Making Finance Easy to Fix, Not Hard to Break
Thursday, May 13, 2010
The initial winds of commentary over the Goldman Sachs affair have calmed down a bit, and a rough consensus of conventional expert opinion seems to be emerging that the Securities and Exchange Commission (SEC) case is thin, and Goldman will probably win or settle cheaply. Wall Street may be a brothel, but the players were adults and consenting.
Less noted are the long-term problems that winning creates for Goldman and for the banking industry as a whole, because any successful defense opens up an embarrassing question for the industry: “And just what is it that you do for a living, anyway?”
Starting in the 1990s, the financial sector’s share of total corporate profits began to soar, and in the 2000s its share became downright ridiculous. (And these profits are after the high salaries and bonuses paid to the employees.)
Banks make money borrowing short from the public and allocating capital for investment, a necessary and honorable occupation, but not one ever worth such a huge chunk of total returns to business.
So the question is, what new functions did the banks take on that promoted the overall weal of our civilization in exchange for such rewards? The defense that Goldman is making to the SEC, and that it and other financiers are making more generally in response to public anger over the crisis, is that the bankers are not responsible for anything because they were ignorant, fallible, and of only marginal value. How could banks have known that subprime mortgages were garbage when Moody’s attached high ratings, they say? How can the SEC claim that Goldman or other packagers misled their clients when their function was to introduce sophisticated, consenting adults who wanted to run offsetting risks, sort of like a financial eHarmony? Surely it was not their job to investigate whether any serial killers had logged on. They just played the piano while the clientele negotiated.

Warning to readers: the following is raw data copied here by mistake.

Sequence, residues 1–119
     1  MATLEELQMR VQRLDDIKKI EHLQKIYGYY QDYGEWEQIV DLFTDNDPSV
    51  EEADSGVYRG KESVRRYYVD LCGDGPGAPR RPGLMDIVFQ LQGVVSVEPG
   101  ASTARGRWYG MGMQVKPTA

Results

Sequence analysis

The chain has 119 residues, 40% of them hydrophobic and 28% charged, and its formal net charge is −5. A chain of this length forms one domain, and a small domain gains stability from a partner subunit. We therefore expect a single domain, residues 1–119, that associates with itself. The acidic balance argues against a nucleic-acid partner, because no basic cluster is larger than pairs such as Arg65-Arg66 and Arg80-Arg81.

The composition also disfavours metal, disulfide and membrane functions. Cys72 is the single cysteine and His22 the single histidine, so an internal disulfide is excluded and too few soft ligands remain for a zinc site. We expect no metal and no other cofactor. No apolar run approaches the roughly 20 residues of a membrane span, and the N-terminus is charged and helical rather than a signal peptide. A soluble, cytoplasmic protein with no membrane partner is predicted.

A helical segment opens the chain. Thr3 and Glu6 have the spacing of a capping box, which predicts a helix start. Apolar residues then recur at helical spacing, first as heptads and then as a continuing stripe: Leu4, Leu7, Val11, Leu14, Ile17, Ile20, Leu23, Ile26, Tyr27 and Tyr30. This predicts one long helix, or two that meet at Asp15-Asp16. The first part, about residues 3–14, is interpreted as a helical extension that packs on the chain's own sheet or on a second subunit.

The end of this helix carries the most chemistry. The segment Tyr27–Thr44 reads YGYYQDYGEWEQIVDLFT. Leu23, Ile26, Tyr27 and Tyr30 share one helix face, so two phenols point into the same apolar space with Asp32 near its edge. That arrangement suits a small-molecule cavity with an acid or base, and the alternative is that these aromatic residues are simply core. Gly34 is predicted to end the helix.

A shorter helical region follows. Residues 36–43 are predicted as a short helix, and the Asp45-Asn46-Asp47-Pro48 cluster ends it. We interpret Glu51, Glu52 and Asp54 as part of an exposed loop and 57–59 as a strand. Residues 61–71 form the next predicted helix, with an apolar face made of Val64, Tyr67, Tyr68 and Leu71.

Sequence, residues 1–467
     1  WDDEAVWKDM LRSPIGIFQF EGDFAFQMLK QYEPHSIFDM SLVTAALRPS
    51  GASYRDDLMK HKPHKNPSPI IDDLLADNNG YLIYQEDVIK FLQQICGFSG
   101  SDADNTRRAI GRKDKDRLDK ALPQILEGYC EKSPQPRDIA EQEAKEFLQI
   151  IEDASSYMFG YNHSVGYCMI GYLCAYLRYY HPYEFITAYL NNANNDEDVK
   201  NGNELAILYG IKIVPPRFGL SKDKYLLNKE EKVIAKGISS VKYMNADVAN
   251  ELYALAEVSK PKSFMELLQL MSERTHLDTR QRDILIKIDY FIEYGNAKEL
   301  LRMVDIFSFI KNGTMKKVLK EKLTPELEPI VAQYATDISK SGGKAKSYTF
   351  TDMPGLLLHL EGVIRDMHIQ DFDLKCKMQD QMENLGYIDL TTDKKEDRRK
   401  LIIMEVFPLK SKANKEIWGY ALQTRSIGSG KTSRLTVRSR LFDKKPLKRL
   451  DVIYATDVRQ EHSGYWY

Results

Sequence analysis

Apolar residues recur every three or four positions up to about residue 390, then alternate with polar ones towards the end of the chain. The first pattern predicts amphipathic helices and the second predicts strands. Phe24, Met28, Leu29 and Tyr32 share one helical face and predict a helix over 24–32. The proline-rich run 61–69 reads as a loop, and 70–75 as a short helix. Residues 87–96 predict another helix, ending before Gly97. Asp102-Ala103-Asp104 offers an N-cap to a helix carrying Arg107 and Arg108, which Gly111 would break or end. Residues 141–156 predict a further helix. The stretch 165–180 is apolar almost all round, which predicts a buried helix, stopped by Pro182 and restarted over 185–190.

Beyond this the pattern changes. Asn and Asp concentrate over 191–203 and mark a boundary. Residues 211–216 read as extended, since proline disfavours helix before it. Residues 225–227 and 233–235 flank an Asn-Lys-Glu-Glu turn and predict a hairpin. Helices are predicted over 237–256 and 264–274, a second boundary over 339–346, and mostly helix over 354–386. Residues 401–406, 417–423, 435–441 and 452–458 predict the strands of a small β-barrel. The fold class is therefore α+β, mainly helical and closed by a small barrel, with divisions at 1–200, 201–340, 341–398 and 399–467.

Clichés are clichés because they express truths, and another one is 'the cure is worse than the disease.'
These defenses look pretty good, to a lawyer, but performing these functions is not worth the rewards collected by the bankers. A reader of Moody’s can be replaced by an intern, or maybe a software program. Ditto for the eHarmony function; matching people with opposing views on the direction of the market is called a stock exchange, and these are all automated now.
The industry can say that putting together synthetic securities requires expertise, but why is this so if, in fact, the packager is exercising no quality control? Why not list the available offerings and throw darts? (Indeed, that would be better, because it would insure against negative bias.) Besides, the bankers are fighting hard against all efforts to standardize these new instruments so that they can be traded on exchanges at low cost.
So what do the bankers really claim as the business model that enabled them over the past decade to collect such a huge portion of all corporate profits? There are several possibilities, none of them flattering to the industry:
• That bankers actually did nothing and had no expertise, but clients thought, albeit wrongly, that they were getting something (no doing of the banks, of course—can’t imagine where the clients got this impression).
• That the government has created such market power in the financial world that anyone grandfathered in with a franchise can reap enormous rents.